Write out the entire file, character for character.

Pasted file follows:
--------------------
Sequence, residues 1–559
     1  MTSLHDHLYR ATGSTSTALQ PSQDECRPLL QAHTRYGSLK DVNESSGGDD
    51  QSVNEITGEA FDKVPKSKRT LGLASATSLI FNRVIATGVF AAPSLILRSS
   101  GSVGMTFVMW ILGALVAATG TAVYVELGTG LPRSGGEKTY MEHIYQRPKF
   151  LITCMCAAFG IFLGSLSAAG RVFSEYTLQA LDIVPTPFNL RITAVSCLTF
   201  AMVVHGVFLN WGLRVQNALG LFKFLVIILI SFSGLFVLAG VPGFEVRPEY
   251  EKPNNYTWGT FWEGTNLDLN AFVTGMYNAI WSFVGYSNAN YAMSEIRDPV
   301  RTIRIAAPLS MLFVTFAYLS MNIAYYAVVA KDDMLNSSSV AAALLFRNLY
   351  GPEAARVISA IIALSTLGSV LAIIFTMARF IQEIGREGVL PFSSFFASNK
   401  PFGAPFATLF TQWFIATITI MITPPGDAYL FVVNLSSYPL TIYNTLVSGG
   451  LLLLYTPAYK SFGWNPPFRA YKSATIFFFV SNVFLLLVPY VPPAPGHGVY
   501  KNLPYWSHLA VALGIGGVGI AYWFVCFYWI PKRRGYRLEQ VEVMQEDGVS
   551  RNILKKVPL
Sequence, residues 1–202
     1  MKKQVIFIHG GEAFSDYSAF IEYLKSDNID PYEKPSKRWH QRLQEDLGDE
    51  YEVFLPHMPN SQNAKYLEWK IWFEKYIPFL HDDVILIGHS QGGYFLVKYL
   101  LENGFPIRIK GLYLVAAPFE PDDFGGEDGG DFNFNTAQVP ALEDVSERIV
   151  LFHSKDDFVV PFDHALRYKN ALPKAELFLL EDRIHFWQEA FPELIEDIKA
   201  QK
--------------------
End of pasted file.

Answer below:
Sequence, residues 1–559
     1  MTSLHDHLYR ATGSTSTALQ PSQDECRPLL QAHTRYGSLK DVNESSGGDD
    51  QSVNEITGEA FDKVPKSKRT LGLASATSLI FNRVIATGVF AAPSLILRSS
   101  GSVGMTFVMW ILGALVAATG TAVYVELGTG LPRSGGEKTY MEHIYQRPKF
   151  LITCMCAAFG IFLGSLSAAG RVFSEYTLQA LDIVPTPFNL RITAVSCLTF
   201  AMVVHGVFLN WGLRVQNALG LFKFLVIILI SFSGLFVLAG VPGFEVRPEY
   251  EKPNNYTWGT FWEGTNLDLN AFVTGMYNAI WSFVGYSNAN YAMSEIRDPV
   301  RTIRIAAPLS MLFVTFAYLS MNIAYYAVVA KDDMLNSSSV AAALLFRNLY
   351  GPEAARVISA IIALSTLGSV LAIIFTMARF IQEIGREGVL PFSSFFASNK
   401  PFGAPFATLF TQWFIATITI MITPPGDAYL FVVNLSSYPL TIYNTLVSGG
   451  LLLLYTPAYK SFGWNPPFRA YKSATIFFFV SNVFLLLVPY VPPAPGHGVY
   501  KNLPYWSHLA VALGIGGVGI AYWFVCFYWI PKRRGYRLEQ VEVMQEDGVS
   551  RNILKKVPL
Sequence, residues 1–202
     1  MKKQVIFIHG GEAFSDYSAF IEYLKSDNID PYEKPSKRWH QRLQEDLGDE
    51  YEVFLPHMPN SQNAKYLEWK IWFEKYIPFL HDDVILIGHS QGGYFLVKYL
   101  LENGFPIRIK GLYLVAAPFE PDDFGGEDGG DFNFNTAQVP ALEDVSERIV
   151  LFHSKDDFVV PFDHALRYKN ALPKAELFLL EDRIHFWQEA FPELIEDIKA
   201  QK